Satyajit Das: Trust is in short supply between developed and emerging countries

Das Capital: The devaluation of the US dollar has driven up the price of commodities

Recent economic growth and prosperity has been underpinned by greater international integration and cautious increase in mutual trust. This is now breaking down.

Developed nations have chosen policies to devalue their currencies, through a combination of low interest rates and increasing the supply of money. These actions erode the value of sovereign bonds in which other nations, like China, Japan, Germany and others, have invested their savings.

Nations increasingly manipulate the value of currencies to allow them to capture a greater share of global trade, boosting growth. But a calculated policy of engineered currency devaluations to gain trading advantages invites destructive retaliation in the form of tit-for-tat currency wars. These beggar-thy-neighbour policies exacerbate international tensions, manifesting itself in trade protectionism and trade disputes.

Low interest rates and weak currencies have also encouraged investment into emerging nations, with higher rates and stronger growth prospects. These volatile money movements have the potential to destabilise these economies, derailing their development. This initially forced some nations to deploy financial repression of their own – controls on capital flows into the country. Now some countries are concerned about the flight of capital from emerging markets.

The devaluation of the US dollar has driven up the price of commodities, such as food and energy which are denominated in the American currency.

In poorer countries where spending on food and energy, including everyday essentials like cooking oil, is a high proportion of income, this has caused hardship. These developments threaten to reverse progress in reducing poverty.

Under the guise of regulations needed to strengthen the financial system, the US has implemented measures whose extra-territorial application may give American banks a business advantage. Such measures do not foster international co-operation in regulating finance.

The tension over the control of international institutions, such as the International Monetary Fund (IMF) and the World Bank, highlights increasing mistrust between developed and emerging countries.

In return for American support for their candidate for the IMF presidency (Christine Lagarde), the Europeans helped elect the American candidate (Jim Yong Kim) as the head of the World Bank. In both cases, the US and Europe used their disproportionate voting power to achieve the desired outcome.

Speaking at an IMF press conference, Brazil’s finance minister highlighted the inequality of the quotas that dictate voting power: “The calculated quota share of Luxembourg is larger than the one of Argentina or South Africa… The quota share of Belgium is larger than that of Indonesia and roughly three times that of Nigeria. And the quota of Spain, amazing as it may seem, is larger than the sum total of the quotas of all 44 sub-Saharan African countries.”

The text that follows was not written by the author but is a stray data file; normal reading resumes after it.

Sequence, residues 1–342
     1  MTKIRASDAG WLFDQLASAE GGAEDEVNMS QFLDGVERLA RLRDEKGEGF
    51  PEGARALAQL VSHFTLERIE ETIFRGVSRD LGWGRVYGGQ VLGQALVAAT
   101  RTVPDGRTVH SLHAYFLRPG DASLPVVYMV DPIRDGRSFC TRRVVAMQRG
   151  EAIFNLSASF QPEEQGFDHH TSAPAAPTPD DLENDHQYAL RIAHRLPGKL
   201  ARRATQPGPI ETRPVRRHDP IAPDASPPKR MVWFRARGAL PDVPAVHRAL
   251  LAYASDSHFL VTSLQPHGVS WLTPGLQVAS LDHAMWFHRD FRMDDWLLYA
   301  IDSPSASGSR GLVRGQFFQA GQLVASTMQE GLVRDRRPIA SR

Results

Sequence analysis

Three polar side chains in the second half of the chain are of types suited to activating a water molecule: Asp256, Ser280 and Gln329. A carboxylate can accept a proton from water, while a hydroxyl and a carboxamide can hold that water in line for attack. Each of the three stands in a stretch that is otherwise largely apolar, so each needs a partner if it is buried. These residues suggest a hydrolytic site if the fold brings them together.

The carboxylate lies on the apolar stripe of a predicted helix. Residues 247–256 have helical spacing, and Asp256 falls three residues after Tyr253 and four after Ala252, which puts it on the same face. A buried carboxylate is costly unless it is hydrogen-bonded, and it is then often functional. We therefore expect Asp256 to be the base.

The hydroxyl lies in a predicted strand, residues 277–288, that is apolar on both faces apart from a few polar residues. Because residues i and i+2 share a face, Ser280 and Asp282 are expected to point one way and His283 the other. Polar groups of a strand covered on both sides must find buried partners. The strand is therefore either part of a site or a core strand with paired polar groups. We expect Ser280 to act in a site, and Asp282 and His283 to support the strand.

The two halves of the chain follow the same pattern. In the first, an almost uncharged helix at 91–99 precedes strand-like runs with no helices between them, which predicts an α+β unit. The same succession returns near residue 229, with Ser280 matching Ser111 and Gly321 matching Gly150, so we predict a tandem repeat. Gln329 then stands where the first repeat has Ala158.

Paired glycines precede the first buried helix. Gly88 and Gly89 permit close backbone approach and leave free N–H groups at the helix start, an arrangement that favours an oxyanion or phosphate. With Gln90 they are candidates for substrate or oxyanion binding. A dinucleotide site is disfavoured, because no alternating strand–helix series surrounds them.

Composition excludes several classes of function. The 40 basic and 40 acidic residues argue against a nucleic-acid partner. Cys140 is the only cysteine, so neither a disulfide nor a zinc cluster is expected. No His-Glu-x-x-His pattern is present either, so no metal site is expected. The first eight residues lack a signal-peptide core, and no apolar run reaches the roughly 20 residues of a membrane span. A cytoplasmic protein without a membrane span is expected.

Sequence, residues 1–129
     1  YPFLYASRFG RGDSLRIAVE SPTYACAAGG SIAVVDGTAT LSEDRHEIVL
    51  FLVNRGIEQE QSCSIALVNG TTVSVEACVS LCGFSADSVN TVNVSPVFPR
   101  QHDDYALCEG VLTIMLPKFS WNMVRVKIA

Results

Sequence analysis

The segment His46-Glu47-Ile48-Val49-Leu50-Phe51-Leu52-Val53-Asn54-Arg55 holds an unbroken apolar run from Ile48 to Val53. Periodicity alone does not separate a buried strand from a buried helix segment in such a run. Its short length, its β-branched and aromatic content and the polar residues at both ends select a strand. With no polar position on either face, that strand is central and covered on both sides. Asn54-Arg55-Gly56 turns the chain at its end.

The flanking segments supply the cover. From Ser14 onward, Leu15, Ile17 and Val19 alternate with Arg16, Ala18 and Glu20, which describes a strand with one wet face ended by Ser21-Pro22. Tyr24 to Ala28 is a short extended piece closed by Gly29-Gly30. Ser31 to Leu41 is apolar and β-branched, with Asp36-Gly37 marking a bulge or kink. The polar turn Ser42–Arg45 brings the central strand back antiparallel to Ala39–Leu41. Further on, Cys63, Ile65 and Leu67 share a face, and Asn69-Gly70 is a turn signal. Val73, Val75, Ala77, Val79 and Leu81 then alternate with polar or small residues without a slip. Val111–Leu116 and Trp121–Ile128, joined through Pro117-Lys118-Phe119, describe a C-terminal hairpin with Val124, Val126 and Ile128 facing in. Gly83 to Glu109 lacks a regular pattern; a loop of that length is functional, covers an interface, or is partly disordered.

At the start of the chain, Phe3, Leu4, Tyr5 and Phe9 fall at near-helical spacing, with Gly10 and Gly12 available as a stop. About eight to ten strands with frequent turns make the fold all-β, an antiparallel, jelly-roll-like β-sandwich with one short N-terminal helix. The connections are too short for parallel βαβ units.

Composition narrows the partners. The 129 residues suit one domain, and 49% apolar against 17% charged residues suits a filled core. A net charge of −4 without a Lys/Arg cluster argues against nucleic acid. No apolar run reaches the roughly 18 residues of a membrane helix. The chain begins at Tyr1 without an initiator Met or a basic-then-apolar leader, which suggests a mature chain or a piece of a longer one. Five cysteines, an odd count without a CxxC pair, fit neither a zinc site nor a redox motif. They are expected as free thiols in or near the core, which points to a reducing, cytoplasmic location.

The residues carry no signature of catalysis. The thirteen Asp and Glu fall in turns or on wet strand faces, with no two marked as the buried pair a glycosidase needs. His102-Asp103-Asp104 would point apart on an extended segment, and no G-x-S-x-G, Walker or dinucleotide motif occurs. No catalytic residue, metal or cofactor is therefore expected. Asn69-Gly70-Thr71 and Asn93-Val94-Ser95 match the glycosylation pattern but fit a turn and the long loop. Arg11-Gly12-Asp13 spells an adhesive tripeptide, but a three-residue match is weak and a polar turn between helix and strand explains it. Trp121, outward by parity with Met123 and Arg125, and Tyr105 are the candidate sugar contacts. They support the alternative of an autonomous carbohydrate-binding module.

The voting imbalance is a legacy of a time when the IMF assisted ailing developing countries. But the IMF’s purpose has changed. The developed world increasingly looks to the savings of the emerging nations to help solve current debt problems, such as those in Europe.

China, Russia and Brazil have sought more evidence of “eurozone governance” before agreeing to increase financing for the IMF to assist Europe. The fact that a communist country, a formerly communist country and one which has been a recent problem child should require proof of Western Europe’s economic management credentials is ironic.

There is increasing concern in emerging markets, where incomes per head are well below Western levels, about having to take large losses to preserve the unsustainable monetary and regulatory arrangements of developed nations.

Emerging market countries also resent the fact that the IMF conditions for the bailouts of Greece, Ireland and Portugal have been noticeably less rigorous than those imposed on Asian countries in the aftermath of the 1997/1998 monetary crisis.

The tensions between developed and emerging countries is likely to tested by expected policy moves by policy makers in the US, Europe and Japan. If and when the US begins to seriously reduce its purchase of government bonds and increase interest rates to more normal levels, then the likely increase in interest rates and trigger capital withdrawals from some vulnerable emerging economies (such as the “fragile five”: Brazil, Indonesia, India, Thailand and South Africa). At the same time, expected looser monetary policies in Europe and Japan could ameliorate the effects of US policy changes but might also exacerbate other problems. A devaluing yen and capital outflows from Japan were significant factors in the emerging-market crises of the late 1990s.

In December 2013, the Governor of the Bank of England, Mark Carney, warned of a shift in risk from West to East: “The greatest risk is the parallel-banking sector in the big developing countries.”

The Governor was less forthcoming in identifying the role played by developed nations and their policies in this change.

They say that truth is the first casualty of war. International trust may be an early casualty of a global economic crisis.

Satyajit Das is a former banker and author of ‘Extreme Money’ and ‘Traders, Guns & Money’

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